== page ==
Information about pensions
If you've worked in several EU countries, you may have accumulated state pension rights in each of them.
You'll have to apply to the pension authority in the country where you're living or you last worked. If you've never worked in the country where you're living, your host country will forward your claim to the one you last worked in.
That country is then responsible for processing your claim and bringing together records of your contributions from all the countries you worked in.
Supplementary pensions are retirement, survivors' or invalidity pension schemes designed to supplement or replace state pensions. If you leave a supplementary pension scheme because you move to another EU country to work, you have the same rights as people who stay in the same country but stop paying contributions.
However, due to the fragmentation of the European pension landscape you may encounter difficulties in preserving your supplementary pension benefits when moving between different countries and changing jobs.
To overcome this problem, the European Commission is supporting a consortium of employers in creating RESAVER, a single European pension arrangement tailor-made for research organisations and their employees. RESAVER will be a state of the art retirement savings product that will enable you to remain affiliated with the same pension fund when moving between countries and changing jobs.
The social security system in most European countries comprises the pension, sickness and health insurance systems, as well the national employment policy system and the non-contributory social benefit system.
Therefore, pension benefits form only one part of social security.
Social security is one of the areas of exclusive national competence, meaning that the EU has no right to legislate on social security matters. The EU can, however, make rules on the way national rules are coordinated when a person moves from one country to another.
The EU rules on social security coordination apply in the EU, Iceland, Liechtenstein, Norway and Switzerland to national legislation on:
- sickness, maternity and equivalent paternity benefits
- old-age pensions, pre-retirement and invalidity benefits
- survivors' benefits and death grants
- unemployment benefits
- family benefits
- benefits in respect of accidents at work and occupational diseases
First pillar pensions are the pensions provided by the state through pension contributions falling under social (Statutory or State Pension).
Second pillar pensions are provided for the employee by the employer. They are also called "supplementary" or "occupational" pensions (Supplementary pension).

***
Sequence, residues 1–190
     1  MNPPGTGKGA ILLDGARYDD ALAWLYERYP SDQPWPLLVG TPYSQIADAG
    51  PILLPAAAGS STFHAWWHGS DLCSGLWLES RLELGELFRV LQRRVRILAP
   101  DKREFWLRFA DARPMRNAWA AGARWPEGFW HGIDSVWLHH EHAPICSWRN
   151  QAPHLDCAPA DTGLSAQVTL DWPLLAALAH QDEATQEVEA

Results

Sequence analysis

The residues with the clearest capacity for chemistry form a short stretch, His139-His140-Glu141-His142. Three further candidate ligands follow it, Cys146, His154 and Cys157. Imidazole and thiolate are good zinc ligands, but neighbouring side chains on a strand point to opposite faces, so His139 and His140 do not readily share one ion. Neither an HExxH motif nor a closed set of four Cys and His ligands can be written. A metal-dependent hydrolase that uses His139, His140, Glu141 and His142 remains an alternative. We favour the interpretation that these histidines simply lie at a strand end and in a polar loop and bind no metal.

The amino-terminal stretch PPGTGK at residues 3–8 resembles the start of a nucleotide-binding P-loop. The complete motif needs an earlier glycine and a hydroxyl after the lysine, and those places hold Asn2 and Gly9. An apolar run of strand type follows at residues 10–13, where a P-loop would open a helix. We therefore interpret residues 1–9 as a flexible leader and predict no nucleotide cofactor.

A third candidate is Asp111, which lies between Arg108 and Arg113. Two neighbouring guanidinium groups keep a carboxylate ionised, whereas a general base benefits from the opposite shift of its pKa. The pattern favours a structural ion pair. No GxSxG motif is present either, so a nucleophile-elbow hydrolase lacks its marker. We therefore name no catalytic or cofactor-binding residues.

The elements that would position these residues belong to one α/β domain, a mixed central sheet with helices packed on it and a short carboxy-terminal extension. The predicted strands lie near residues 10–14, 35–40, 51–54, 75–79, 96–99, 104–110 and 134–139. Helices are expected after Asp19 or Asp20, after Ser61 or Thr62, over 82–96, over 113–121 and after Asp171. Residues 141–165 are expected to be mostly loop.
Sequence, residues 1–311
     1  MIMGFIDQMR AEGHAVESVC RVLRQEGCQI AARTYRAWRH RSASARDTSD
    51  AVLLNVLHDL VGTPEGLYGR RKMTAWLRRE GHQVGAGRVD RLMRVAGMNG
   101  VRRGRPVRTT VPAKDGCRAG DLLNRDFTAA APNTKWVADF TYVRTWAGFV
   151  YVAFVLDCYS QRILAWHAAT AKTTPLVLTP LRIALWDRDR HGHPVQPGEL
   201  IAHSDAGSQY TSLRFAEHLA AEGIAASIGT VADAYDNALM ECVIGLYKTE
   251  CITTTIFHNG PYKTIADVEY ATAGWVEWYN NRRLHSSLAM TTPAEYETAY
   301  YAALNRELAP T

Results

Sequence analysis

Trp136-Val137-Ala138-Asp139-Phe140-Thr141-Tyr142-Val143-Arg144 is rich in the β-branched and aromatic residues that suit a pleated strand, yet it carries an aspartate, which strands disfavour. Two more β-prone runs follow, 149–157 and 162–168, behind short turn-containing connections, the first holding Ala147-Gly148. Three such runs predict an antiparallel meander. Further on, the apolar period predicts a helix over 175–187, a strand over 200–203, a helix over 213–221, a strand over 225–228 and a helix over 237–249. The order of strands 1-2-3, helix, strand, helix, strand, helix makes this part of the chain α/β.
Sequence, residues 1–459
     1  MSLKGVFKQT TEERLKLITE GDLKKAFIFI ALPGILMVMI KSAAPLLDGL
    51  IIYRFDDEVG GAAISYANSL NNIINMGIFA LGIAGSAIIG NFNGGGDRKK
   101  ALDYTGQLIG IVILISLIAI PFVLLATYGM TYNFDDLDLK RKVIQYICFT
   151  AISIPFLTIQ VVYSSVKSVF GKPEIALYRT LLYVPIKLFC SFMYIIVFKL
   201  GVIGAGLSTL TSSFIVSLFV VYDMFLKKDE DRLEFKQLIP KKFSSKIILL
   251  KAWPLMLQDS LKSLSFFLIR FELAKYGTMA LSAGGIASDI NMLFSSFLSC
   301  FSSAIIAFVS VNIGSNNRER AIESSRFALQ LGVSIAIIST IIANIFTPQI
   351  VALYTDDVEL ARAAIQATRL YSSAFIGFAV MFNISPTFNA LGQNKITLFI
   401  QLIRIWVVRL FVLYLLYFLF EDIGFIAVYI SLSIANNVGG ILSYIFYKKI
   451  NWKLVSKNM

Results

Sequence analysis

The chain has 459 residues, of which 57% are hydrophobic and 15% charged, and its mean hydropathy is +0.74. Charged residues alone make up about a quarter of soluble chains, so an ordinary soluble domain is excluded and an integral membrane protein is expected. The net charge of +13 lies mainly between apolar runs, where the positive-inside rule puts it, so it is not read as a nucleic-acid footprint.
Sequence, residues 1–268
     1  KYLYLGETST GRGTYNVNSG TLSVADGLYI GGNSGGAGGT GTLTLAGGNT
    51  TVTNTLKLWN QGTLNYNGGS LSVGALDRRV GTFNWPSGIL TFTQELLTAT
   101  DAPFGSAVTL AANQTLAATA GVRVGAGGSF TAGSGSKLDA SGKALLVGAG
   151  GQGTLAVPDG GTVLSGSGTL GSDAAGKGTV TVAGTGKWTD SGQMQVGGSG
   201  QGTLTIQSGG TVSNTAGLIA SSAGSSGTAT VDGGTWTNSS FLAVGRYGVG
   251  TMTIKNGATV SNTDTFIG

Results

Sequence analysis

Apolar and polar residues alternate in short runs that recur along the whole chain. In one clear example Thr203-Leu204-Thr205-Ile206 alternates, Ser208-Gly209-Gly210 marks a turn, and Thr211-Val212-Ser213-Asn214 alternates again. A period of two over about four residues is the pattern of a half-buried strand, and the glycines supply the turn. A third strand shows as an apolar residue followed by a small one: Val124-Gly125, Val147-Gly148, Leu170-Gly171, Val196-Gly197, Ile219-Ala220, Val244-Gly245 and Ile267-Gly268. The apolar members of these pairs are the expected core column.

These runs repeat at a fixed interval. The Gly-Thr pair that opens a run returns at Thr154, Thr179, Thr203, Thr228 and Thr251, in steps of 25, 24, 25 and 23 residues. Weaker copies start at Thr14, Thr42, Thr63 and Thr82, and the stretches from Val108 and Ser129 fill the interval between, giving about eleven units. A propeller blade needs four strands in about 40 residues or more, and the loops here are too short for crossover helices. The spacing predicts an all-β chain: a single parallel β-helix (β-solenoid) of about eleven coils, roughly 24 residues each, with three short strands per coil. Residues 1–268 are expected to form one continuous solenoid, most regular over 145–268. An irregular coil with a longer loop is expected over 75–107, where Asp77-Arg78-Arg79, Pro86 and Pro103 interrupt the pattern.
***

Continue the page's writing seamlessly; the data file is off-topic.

Third pillar pensions are private pension schemes i.e. individual savings, often in the form of a life insurance.
Most researchers have first pillar pensions. This requires an employment relationship between the researchers and his/her employer where they pay social security contributions. This is often supplemented by an occupational pension provided by the researcher's employer. Depending on the country, the first or second pillar pensions can carry more or less weight.
If a researcher moves within the European Union, the EEA countries and Switzerland, his/her first pillar pension (i.e. State pension) will be coordinated between the countries involved under EU social security coordination rules. With countries outside the European Union, bilateral agreements exist that govern the portability of pension rights. When the researcher retires, these rules will determine where and how much pension benefits the researcher receives.
There are, however, no EU rules relating to the portability of second pillar pension rights, although they are in preparation. There is therefore a risk that the researcher loses some of his/her entitlements as a consequence of his/her move.
For more information about the pensions offered by your institution, please go to Find your pension where you can select your country , your employer and find the pension benefits you are entitled to (both first and second pillar), as well as contact details for further questions.
The pan-European pension fund is a project run the by the European Commission to create a common "pot" for occupational pensions between the employers of researchers in different countries. Contributing to one common pot would eliminate the risk of losing supplementary pension entitlements as a consequence of a researcher's move.
As the RESAVER pension fund will be established in 2016 no employers currently offer RESAVER to their staff.
For more information, please go to RESAVER